Danny Schechter, filmmaker and outspoken media critic, dies at 72

Print More

Danny Schechter, a passionately progressive filmmaker and vocal media critic, died Thursday in New York City of pancreatic cancer. He was 72.

Schechter, known when he began his career in 1970 as “The News Dissector” on WBCN-FM in Boston, went on to become an award-winning producer. His filmography included six documentaries about South African leader Nelson Mandela.

Schechter also authored 12 books that reflected his ideals, including The Crime Of Our Time: Why Wall Street Is Not Too Big to JailThe Death of Media and the Fight to Save Democracy and When News Lies: Media Complacency and the Iraq War. He was a frequent guest on Democracy Now!

He founded MediaChannel.org, a media analysis site, in 1999 and dubbed himself its “blogger-in-chief.” Schechter frequently critiqued public television, focusing on specific shows as well as its larger vision and purpose. In a 2013 Media Channel column about PBS NewsHour, he wrote: “The news on PBS survived all these many years because of lavish funding from major corporate sponsors who felt comfortable with its stuffy and unthreatening approach.”

Schechter had a prickly relationship with PBS for years. He complained publicly that PBS turned down several of his programs for national distribution, including South Africa Now, created in 1988 in an effort to circumvent Pretoria’s ban on news coverage of anti-apartheid unrest; Rights & Wrongs: Human Rights Television _with host Charlayne Hunter Gault; and _Counting on Democracy: The Untold Story Of 175,000 Missing Votes in the 2000 Presidential Election, about the electoral irregularities in Florida. Several stations aired the shows despite PBS’s decision.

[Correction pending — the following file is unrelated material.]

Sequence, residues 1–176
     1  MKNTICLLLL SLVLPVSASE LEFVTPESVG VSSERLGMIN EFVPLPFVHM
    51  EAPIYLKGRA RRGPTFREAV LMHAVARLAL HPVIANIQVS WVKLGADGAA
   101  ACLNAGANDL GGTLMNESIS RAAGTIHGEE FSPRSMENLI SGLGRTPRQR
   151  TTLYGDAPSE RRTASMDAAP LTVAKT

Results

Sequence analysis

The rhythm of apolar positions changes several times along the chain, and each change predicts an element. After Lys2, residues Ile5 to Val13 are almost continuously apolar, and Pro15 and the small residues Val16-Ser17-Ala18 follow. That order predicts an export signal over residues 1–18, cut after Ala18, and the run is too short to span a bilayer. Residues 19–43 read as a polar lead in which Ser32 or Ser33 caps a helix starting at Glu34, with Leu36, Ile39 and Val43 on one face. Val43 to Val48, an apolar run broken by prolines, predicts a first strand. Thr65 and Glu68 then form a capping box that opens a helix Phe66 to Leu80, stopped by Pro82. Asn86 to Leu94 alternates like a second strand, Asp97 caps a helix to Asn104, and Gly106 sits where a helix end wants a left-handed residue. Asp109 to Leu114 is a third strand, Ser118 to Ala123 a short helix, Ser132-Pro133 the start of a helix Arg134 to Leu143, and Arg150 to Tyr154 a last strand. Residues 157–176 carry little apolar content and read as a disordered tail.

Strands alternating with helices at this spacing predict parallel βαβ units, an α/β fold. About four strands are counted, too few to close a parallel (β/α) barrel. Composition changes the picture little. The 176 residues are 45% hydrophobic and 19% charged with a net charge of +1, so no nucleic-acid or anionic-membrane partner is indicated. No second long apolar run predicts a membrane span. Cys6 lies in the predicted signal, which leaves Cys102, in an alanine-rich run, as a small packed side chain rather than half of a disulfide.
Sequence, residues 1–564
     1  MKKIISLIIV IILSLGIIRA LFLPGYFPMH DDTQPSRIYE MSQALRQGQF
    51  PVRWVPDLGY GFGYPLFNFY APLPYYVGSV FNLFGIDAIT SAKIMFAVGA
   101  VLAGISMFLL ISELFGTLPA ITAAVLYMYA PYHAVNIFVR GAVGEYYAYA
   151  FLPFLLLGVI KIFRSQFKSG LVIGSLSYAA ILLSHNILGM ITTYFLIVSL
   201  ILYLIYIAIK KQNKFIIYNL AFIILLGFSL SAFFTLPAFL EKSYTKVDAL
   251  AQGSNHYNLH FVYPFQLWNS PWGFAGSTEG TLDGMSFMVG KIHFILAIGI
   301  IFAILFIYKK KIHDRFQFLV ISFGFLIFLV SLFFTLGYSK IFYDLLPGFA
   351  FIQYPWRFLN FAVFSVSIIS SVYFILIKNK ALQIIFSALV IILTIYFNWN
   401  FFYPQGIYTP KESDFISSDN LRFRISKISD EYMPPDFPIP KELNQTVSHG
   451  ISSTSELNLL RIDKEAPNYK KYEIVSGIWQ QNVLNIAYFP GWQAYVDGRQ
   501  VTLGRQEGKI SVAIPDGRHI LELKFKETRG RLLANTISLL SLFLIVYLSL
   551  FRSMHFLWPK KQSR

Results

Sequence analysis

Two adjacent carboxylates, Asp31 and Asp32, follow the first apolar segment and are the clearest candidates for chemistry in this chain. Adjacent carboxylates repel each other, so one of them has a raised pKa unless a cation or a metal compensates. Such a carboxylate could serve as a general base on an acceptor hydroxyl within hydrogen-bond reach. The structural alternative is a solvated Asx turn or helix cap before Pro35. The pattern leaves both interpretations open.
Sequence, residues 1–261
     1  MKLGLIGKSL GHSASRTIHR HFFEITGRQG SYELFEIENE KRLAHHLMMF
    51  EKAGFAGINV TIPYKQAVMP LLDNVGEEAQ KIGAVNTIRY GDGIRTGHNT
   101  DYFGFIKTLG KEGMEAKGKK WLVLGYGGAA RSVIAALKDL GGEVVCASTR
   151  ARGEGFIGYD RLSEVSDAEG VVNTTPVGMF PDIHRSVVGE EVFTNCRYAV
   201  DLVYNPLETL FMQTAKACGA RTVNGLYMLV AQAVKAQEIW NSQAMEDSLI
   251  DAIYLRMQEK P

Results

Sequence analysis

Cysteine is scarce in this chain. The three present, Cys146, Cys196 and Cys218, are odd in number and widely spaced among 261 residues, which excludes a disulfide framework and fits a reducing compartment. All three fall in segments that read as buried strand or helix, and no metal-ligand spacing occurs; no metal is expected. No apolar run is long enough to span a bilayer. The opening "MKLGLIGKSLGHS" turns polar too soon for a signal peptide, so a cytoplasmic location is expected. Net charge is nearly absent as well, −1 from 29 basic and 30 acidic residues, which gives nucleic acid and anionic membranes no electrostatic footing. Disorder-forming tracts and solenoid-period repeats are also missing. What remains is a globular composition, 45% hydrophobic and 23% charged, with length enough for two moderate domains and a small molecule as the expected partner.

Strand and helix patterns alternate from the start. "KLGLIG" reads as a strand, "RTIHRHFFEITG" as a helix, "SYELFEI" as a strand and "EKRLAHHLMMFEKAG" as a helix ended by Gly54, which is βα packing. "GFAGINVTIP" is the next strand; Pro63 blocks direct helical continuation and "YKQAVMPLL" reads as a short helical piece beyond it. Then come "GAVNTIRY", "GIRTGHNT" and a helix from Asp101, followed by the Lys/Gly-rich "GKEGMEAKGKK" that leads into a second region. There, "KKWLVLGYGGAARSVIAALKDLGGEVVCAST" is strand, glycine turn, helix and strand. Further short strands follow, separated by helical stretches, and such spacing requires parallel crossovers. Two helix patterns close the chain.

Schechter wrote in a Current commentary in 2002 that he and his production team:

. . . tried to get American Masters and American Experience to consider a film on America’s national treasure and leading economist John Kenneth Galbraith, whose voice needs to heard as the economy goes into the toilet. No, they prefer to do coffee table shows on Lucille Ball. Rejected! During the Gulf War we offered a real-time investigation about how the media were being managed — facts that all came out afterwards. No, PBS was doing The Civil War. Rejected! We did a pilot for a series with Nobel Laureate Eli Wiesel. Too intellectual. Rejected! We produced the first film on China’s Falun Gong Movement. The Society for Professional Journalists honored it with a prize for investigative reporting. It played on some stations but not through PBS. Rejected!

He added: “PBS is a land of niches and bailiwicks, a Japanese-style employment system topped with execs who seem to have cushy jobs for life if they play it safe. They are thus very risk-averse and barely accountable to the public in whose name they are paid.”

In a 1995 Current commentary, he exhorted PBS to reconstitute itself as “a citizens’ channel.” Public broadcasting “will not survive by kow-towing to demagogic politicians who pay lip service to democratic values while slashing funds for public institutions and stifling provocative programs,” he wrote.

Schechter was born June 27, 1942, in New York City. He graduated from Cornell University and received a master’s degree from the London School of Economics. He was a Nieman Fellow in Journalism at Harvard University and an adjunct professor at Columbia University’s Graduate School of Journalism.

He was a producer for the ABC newsmag 20/20, where he won two Emmys, and part of the news team that started CNN.

“I’ve known Danny since he was on the radio in Boston and I was a student at Emerson,” Alyce Myatt, a former PBS programming executive, said in an interview. “Danny was unyielding in his efforts to bring factual storytelling to the public. And whether it was related to domestic issues or international issues, Danny was tireless.”

She added that Schechter was “an old-time journalist, finding and presenting facts as opposed to so many people who have an audience today to whom the facts are incidental.”

He is survived by his daughter, Sarah Debs Schechter, of Los Angeles; his brother, Bill Schechter, Brookline, Mass.; and nephews Jamie and Ethan Schechter.

A celebration of his life begins at 1 p.m. on his birthday, June 27, at Judson Memorial Church, 55 Washington Square South, New York City.

A Facebook memorial page is here.

Related stories from Current: